But, before we do that, let's have a quick recap of all the items that are going to go under the hammer.
Anita's uncle brought these home from the factory.
Mark hopes they're rare and not run of the mill.
Beryl and Geoff's glasses didn't go with their collection -
are they the toast of the sale room?
Is Mary's daughter in the money?
Will Cupid's arrow finds its mark with these cameo bracelets?
And there's a touch of the exotic about this little inlaid wooden box
which Susan is confident can do really well.
Gary, something you should be familiar with - Poole Pottery - maybe not these figures.
These were brought in by Benita.
Mark Stacey, our expert, got extremely excited on the day.
Two wonderful figures and he's put £600 to £800 on them.
We don't know much about them, but are they rare?
Well, that's a fundamental question which, equally, we're not entirely sure about, to be entirely honest.
We sell a lot of Poole Pottery in here because we're not far away from Poole.
We get a lot of standard Poole.
We ourselves have never seen objects similar to this.
We've been able to do some research but haven't been able to get an absolutely finite answer
so, they are a bit speculative which really is what makes them quite interesting.
-We think they're probably quite early from the production of the Poole factory.
-What - sort of 1910?
1910, 1915, 1920 and possibly designed by Phoebe Stabler,
who was one of the founders of the Poole Pottery with Carter, Stabler and Adams.
They've come from a mould. There must be more about.
-They're not that finite, are they?
-No, they aren't.
It depends, I suppose, how popular that production was.
The ones we have seen were similar to this but with a coloured glaze to them.
These are plain - not quite as desirable.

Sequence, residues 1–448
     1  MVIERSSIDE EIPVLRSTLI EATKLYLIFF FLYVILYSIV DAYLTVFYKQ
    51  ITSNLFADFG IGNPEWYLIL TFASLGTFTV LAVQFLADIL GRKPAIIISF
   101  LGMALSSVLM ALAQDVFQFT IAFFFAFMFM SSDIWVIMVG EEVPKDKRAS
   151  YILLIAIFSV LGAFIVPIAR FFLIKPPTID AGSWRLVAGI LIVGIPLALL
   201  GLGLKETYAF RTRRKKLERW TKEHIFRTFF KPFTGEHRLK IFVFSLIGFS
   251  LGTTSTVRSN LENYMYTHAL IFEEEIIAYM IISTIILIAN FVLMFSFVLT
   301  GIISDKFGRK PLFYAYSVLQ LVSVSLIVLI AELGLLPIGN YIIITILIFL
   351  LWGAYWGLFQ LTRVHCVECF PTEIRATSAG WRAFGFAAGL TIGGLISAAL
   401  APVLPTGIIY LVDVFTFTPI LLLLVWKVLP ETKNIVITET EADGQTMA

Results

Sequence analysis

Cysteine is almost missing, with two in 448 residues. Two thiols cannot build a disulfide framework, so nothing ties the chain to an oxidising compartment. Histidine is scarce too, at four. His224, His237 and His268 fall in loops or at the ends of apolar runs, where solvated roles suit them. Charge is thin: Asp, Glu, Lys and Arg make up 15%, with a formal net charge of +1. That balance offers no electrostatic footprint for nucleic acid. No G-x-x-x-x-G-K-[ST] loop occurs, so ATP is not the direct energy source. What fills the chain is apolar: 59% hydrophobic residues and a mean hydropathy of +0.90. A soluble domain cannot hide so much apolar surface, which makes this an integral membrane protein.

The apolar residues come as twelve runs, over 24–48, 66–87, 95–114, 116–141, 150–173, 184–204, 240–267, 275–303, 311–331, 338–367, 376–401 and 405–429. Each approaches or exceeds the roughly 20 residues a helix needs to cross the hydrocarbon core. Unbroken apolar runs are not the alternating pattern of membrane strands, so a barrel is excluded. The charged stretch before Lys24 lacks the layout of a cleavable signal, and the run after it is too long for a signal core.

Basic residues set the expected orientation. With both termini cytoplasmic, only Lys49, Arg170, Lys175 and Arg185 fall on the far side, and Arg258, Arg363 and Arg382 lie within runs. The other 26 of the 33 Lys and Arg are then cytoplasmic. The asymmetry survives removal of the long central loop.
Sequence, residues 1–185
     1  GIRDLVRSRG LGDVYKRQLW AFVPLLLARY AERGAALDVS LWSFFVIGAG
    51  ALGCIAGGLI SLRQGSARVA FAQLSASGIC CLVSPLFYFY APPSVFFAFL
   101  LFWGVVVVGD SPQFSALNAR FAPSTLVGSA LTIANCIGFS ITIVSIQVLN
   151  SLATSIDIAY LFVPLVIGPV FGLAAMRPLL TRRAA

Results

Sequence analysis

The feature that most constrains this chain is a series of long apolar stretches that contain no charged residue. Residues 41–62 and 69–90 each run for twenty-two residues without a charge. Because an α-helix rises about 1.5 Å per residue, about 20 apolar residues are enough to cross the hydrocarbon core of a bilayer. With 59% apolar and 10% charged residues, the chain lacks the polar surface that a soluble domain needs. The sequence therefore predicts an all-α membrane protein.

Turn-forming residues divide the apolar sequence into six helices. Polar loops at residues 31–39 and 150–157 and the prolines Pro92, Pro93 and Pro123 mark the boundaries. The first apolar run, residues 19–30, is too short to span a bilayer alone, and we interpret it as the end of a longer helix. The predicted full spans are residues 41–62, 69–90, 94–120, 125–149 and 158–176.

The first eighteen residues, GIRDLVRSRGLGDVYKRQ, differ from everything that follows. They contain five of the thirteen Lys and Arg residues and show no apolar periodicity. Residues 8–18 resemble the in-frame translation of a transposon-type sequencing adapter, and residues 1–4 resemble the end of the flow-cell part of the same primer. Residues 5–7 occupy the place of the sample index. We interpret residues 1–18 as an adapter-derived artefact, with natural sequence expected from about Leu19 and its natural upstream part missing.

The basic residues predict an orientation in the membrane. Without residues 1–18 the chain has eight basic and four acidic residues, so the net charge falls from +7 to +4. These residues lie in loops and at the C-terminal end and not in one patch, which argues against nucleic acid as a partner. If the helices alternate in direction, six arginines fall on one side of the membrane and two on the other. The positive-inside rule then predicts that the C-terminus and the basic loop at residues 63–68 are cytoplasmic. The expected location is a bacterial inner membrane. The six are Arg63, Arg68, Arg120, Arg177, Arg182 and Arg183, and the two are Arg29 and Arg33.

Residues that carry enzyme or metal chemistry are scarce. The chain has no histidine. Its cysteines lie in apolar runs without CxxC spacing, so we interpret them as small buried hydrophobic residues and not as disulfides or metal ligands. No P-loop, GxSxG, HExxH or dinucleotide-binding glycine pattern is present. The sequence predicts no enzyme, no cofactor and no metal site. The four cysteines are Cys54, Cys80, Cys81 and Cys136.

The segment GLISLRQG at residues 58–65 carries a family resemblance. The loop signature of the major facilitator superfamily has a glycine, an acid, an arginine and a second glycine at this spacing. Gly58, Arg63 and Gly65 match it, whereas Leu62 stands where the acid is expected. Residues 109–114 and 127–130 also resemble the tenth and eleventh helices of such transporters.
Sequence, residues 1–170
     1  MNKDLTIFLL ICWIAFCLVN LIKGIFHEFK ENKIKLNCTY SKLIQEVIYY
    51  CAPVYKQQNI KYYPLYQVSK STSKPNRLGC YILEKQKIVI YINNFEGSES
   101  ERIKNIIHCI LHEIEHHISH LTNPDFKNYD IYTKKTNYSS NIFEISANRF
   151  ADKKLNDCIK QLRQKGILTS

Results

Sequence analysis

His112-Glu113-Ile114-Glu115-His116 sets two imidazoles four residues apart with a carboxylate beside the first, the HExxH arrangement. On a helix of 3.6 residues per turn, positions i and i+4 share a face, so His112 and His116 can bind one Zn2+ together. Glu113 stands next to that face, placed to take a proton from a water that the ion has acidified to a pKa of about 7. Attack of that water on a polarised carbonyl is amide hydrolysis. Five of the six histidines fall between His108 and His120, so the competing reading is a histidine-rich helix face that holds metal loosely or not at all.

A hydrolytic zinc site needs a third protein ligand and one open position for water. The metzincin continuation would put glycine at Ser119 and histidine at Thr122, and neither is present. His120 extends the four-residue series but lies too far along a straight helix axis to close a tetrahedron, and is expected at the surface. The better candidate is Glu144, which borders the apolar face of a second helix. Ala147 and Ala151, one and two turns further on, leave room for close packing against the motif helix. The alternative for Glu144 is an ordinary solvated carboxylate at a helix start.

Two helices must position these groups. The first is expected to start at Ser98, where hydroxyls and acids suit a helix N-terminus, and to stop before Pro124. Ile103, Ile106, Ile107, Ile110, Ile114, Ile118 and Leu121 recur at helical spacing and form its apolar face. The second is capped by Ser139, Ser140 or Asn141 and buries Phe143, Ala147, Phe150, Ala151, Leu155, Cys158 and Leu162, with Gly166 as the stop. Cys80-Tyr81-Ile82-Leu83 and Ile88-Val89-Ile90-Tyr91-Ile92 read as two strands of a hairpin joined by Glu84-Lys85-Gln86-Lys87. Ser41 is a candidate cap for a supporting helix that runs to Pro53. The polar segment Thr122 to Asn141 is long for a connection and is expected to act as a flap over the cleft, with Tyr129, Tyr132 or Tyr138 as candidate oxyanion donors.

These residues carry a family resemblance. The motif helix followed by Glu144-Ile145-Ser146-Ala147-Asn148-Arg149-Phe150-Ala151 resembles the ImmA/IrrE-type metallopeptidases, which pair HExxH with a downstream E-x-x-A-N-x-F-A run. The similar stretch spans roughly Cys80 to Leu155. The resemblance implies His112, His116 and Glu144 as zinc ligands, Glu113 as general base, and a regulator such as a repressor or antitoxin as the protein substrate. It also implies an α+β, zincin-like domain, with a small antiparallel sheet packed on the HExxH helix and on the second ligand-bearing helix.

I like them. They're quite naive. Will they do the £600 to £800 mark?
Well, if it was me, I think we'd be more likely to get near 400,
but you never know, you're not entirely sure.
You wouldn't fall of the rostrum if they made 600.
A typical, cautious auctioneer. You've to go on the rostrum. I hope they get the top end.
I'd like to see it. It's a case of suck it and see. Let's let the bidders decide.
20. 5. 5. 20.
5. That's it.
£600 to £800 riding on this one. They belong to Benita, hopefully for not much longer.
It's the two Poole figures. They've got the look but have they got the price right? We had a chat.
I'll bring Mark in on this - our expert.
-We had a chat to the auctioneer before the sale.
He said he's not come across anything like it before.
He's seen them glazed in colour but not left plain like that.
-He would have been cautious and put a sort of maybe £300 to £400 on them.
He's playing the market here. He's going to let that bidder decide.
It's what auctions are about. It's where tension creeps in.
-I think we'll see some today.
-There might be.
-There's a bit of tension here, I can tell you.
Now, we're on to lot 252,
these unusual Poole Pottery white glazed figures.
And who will start me with this lot? We've got £200 to start me.
I'll take 220 in the room. At £200.
At 200. And 20.
300. At £300. Any advance on 300?
20, anyone like?
320 on the telephone. 340.
400? 400. And 20. 440?
At £420. 440, anyone like?
440. All done? I sell.
The hammer's gone down at 440, which means he didn't sell them, did he?
-He didn't sell.
-You've a reserve of 600.
Well, I'm surprised. I'm very surprised.
They're 1924 and as far as we know, there's no others like it.
You can't do comparables, can you?
I think also, maybe what you should do, as we say before, Paul, for something as specialist as them,
is really find an auctioneer's that have a specialist decorative arts sale and get a little bit...
-dig a bit deeper in the provenance of it.
Well, that's a disappointment for Benita. Let's hope Beryl and Geoff's glasses will do better.
Something for the purist here, these really are. I love them.
The oldest thing in the sale.
I think they're priced to sell. We've got 220 to 250.
They should do more than that.
I'm hoping they do a lot more than that. 100 quid a glass, at least.
That's what I'm hoping for. Can we get that sort of money for them?
I hope so. They're worth that.
They're worth the top end of the estimate.
What's concerned me a little bit is there's not much glass of that kind in the sale.
-But buyers will find it - they'll always find quality.
-Let's hope they find them. Good luck. This is it.
An interesting lot.
English 18th-century wine glasses.